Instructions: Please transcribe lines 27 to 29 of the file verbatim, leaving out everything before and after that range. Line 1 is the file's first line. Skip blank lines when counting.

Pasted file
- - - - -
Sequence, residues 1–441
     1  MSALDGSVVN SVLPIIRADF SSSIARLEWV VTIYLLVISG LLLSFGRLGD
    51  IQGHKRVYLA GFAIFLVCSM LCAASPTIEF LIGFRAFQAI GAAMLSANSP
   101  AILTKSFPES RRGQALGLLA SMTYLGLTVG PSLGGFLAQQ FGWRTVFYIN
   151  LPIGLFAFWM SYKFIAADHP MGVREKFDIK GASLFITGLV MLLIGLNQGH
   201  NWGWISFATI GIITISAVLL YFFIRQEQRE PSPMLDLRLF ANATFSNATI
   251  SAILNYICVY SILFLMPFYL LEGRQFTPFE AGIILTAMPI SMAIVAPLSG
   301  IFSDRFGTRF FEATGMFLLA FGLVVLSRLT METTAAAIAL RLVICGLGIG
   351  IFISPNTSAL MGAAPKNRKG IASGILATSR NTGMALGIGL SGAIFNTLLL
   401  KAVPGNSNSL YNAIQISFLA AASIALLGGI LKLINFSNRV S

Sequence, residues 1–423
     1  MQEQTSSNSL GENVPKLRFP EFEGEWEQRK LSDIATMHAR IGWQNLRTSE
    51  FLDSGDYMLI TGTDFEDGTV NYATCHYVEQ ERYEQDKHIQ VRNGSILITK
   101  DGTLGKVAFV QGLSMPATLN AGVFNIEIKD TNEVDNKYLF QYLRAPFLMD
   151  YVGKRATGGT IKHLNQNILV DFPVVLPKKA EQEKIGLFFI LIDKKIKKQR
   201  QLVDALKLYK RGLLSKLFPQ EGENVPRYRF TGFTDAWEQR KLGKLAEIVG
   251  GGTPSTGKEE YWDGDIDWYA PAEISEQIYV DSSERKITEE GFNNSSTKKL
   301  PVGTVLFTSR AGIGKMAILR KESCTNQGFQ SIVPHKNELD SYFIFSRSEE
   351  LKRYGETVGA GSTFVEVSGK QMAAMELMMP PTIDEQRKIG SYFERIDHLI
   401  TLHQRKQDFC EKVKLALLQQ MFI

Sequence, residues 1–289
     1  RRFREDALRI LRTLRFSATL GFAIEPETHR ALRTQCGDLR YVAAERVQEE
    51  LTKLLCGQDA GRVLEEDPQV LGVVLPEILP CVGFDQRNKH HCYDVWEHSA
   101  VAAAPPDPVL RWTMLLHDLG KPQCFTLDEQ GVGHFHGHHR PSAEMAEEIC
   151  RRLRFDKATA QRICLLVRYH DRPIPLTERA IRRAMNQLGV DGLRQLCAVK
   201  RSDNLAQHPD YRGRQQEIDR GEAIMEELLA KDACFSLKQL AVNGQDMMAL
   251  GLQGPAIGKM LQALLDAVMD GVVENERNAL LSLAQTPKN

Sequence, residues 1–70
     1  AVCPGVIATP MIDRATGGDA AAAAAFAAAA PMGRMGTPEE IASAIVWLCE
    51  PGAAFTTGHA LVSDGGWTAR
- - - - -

   251  GLQGPAIGKM LQALLDAVMD GVVENERNAL LSLAQTPKN

Sequence, residues 1–70
     1  AVCPGVIATP MIDRATGGDA AAAAAFAAAA PMGRMGTPEE IASAIVWLCE